Jackson Browne was released in the spring of 1972, spawning the Top Ten hit single "Doctor My Eyes." Shortly after "Doctor My Eyes" reached its peak position, "Take It Easy," a song Browne co-wrote with Glenn Frey, became the Eagles' breakthrough hit. Many songs from his debut, including "Rock Me on the Water" and "Jamaica Say You Will," became singer/songwriter standards, but the album itself didn't establish Browne as a pop star, despite its hit single. On his second album, 1973's For Everyman, he began a long-term collaboration with instrumentalist David Lindley. For Everyman was a commercial disappointment, yet it consolidated his cult following.

Released in the fall of 1974, Late for the Sky expanded Browne's audience significantly, peaking at number 14 on the charts and going gold by the beginning of the following year. Browne's first wife, Phyllis, committed suicide in the spring of 1976, but in the wake of the tragedy he recorded his commercial breakthrough album, The Pretender. The record climbed into the Top Ten upon its fall 1976 release, going platinum in the spring of 1977. In the summer, Browne launched an extensive tour, recording a new album while he was on the road. The resulting record, Running On Empty (1977), was a bigger success than its predecessor, peaking at number three and launching the hit singles "Running On Empty" and "Stay/The Load-Out." With his career riding high, Browne began to pursue political and social causes, most notably protesting the use of nuclear energy.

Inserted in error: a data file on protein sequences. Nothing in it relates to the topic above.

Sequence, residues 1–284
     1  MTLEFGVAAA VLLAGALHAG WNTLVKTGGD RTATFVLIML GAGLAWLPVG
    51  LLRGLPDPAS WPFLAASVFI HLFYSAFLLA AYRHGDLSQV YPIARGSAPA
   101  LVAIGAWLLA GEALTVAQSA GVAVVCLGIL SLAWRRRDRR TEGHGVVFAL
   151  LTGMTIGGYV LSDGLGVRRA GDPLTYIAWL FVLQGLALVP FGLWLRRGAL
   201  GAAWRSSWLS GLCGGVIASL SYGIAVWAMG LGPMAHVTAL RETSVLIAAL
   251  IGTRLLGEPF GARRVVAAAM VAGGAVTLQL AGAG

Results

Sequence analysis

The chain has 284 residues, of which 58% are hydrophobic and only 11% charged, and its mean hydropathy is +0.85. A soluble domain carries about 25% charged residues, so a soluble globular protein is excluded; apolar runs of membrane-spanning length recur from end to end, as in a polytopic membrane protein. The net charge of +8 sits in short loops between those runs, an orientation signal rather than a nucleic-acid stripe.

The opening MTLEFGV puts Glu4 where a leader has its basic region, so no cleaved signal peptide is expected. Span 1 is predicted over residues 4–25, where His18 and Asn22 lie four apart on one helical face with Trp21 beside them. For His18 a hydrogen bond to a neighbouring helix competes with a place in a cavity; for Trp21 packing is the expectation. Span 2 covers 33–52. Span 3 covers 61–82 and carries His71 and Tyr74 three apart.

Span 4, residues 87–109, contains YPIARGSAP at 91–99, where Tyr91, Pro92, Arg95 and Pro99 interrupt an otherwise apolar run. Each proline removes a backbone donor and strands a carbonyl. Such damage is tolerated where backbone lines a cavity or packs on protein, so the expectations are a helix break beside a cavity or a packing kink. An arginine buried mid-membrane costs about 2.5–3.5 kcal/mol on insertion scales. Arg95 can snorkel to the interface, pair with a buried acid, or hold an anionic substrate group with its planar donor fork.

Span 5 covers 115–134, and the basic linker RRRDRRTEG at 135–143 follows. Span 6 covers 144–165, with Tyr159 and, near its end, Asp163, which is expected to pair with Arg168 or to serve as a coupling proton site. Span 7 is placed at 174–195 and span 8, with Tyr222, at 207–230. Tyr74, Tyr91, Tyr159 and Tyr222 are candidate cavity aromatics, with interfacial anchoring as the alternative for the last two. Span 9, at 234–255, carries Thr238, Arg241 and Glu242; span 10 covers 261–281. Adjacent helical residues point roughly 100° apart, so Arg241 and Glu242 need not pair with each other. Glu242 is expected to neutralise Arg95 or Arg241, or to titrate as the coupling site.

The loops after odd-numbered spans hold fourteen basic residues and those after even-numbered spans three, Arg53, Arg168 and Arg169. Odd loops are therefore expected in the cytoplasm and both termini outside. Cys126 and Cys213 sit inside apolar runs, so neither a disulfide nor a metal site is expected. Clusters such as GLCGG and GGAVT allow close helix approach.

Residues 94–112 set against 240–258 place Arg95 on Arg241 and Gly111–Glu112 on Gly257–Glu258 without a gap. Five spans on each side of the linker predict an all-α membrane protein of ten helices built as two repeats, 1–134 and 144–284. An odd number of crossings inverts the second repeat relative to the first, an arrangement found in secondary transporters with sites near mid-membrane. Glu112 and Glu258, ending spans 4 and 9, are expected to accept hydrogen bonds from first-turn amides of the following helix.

The success of Hold Out, the 1980 follow-up to Running On Empty, was evidence of Jackson Browne's popularity. Though the album wasn't as well crafted as its predecessors, it became his only number one album upon its summer release. In the summer of 1982, "Somebody's Baby," from the soundtrack of Fast Times at Ridgemont High, became Browne's biggest hit, climbing to number seven on the U.S. charts. Divided between love songs and political protests, Lawyers in Love was another hit due to success of the hit singles "Lawyers in Love," "Tender Is the Night," and "For a Rocker." Nevertheless, the album also showcased a newly found social consciousness, which dominated 1986's Lives in the Balance. The album lacked any hit singles, yet its fiery condemnation of the Reagan era won an audience -- the album stayed on the charts for over six months and went gold.